Wednesday, February 04, 2009

Liberal education

Last week, New York Times had a column by the conservative political commentator David Brooks which caught my attention. In it, Brooks disparagingly quoted a recent Harvard faculty report on the purpose of liberal education. However unlike Brookes, I must say that I appreciated reading the report (pdf), despite its occasional post-modern flair.

“[T]he aim of a liberal education is to unsettle presumptions, to defamiliarize the familiar, to reveal what is going on beneath and behind appearances, to disorient young people and to help them to find ways to reorient themselves. A liberal education aims to accomplish these things by questioning assumptions, by inducing self-reflection, by teaching students to think critically and analytically, by exposing them to the sense of alienation produced by encounters with radically different historical moments and cultural formations and with phenomena that exceed their, and even our own, capacity fully to understand”.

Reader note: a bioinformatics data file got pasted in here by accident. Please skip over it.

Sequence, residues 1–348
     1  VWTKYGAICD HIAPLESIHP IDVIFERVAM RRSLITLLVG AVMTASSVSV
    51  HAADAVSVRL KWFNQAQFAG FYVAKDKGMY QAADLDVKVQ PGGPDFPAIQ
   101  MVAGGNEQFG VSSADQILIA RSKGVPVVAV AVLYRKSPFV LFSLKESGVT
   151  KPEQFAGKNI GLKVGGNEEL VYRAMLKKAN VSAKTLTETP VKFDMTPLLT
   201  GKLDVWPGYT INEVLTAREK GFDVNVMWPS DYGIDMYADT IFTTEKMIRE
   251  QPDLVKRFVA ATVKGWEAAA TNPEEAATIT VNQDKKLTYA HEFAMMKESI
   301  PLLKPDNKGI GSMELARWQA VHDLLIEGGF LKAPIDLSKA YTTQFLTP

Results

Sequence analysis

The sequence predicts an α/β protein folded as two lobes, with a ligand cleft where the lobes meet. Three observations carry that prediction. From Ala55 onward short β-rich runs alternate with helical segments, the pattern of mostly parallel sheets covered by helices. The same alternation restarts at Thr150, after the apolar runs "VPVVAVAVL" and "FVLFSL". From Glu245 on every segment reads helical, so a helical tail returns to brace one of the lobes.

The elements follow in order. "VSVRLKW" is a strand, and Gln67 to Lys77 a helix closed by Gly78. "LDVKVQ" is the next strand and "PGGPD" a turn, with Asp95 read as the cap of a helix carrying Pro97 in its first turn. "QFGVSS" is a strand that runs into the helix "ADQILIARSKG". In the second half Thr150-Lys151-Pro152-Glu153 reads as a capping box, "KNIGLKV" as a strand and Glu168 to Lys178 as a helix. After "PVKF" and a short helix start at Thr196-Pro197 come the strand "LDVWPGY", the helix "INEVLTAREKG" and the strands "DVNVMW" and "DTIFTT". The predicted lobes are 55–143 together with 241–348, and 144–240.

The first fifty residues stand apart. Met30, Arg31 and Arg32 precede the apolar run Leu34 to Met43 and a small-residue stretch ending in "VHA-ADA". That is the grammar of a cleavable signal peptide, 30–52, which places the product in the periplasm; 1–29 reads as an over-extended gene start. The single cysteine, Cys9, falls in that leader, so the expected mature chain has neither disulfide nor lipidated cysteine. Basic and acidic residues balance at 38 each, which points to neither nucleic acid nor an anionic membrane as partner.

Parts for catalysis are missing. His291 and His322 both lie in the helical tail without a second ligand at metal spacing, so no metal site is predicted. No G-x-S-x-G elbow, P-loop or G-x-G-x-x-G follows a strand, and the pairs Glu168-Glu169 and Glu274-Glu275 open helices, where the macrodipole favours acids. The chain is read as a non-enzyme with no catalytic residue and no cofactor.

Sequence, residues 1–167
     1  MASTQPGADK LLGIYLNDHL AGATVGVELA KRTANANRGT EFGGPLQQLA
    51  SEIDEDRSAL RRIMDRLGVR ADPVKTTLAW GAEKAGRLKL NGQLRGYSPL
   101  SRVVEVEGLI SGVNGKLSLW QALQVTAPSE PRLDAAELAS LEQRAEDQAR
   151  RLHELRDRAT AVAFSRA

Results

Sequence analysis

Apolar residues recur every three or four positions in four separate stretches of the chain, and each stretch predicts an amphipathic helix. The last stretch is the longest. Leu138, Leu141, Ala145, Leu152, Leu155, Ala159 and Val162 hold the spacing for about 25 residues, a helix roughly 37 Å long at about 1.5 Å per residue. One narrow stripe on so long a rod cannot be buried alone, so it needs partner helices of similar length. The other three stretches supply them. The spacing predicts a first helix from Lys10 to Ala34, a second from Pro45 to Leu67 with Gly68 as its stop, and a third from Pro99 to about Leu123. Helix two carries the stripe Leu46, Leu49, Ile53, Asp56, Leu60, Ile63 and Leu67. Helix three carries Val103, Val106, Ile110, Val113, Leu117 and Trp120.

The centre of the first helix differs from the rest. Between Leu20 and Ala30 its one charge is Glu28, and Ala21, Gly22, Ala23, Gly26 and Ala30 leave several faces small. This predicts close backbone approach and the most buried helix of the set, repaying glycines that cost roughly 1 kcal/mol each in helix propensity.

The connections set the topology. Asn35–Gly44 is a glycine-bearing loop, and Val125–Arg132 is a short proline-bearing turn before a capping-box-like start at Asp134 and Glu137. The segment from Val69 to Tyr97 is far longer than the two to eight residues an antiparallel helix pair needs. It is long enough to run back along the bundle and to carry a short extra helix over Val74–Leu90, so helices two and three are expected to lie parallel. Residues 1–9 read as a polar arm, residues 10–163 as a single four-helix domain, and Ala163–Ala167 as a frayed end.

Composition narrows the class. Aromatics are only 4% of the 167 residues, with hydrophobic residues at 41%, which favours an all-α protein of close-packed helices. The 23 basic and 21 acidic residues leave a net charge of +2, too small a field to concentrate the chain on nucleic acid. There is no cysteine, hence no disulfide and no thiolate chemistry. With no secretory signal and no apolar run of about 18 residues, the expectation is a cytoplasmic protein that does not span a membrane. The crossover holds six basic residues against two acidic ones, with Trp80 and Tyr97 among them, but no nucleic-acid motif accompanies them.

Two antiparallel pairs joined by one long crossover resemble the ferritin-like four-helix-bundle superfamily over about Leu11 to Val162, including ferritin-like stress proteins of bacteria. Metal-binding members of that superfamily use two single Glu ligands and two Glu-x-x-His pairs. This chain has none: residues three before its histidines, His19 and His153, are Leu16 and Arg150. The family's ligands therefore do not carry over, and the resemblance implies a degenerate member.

Blogger meditations71 said...

Stanley Fish wrote a brief blog entry on the subject in the New York Times, which may be of some interest. I've linked it in my blog here:

12:18 pm  

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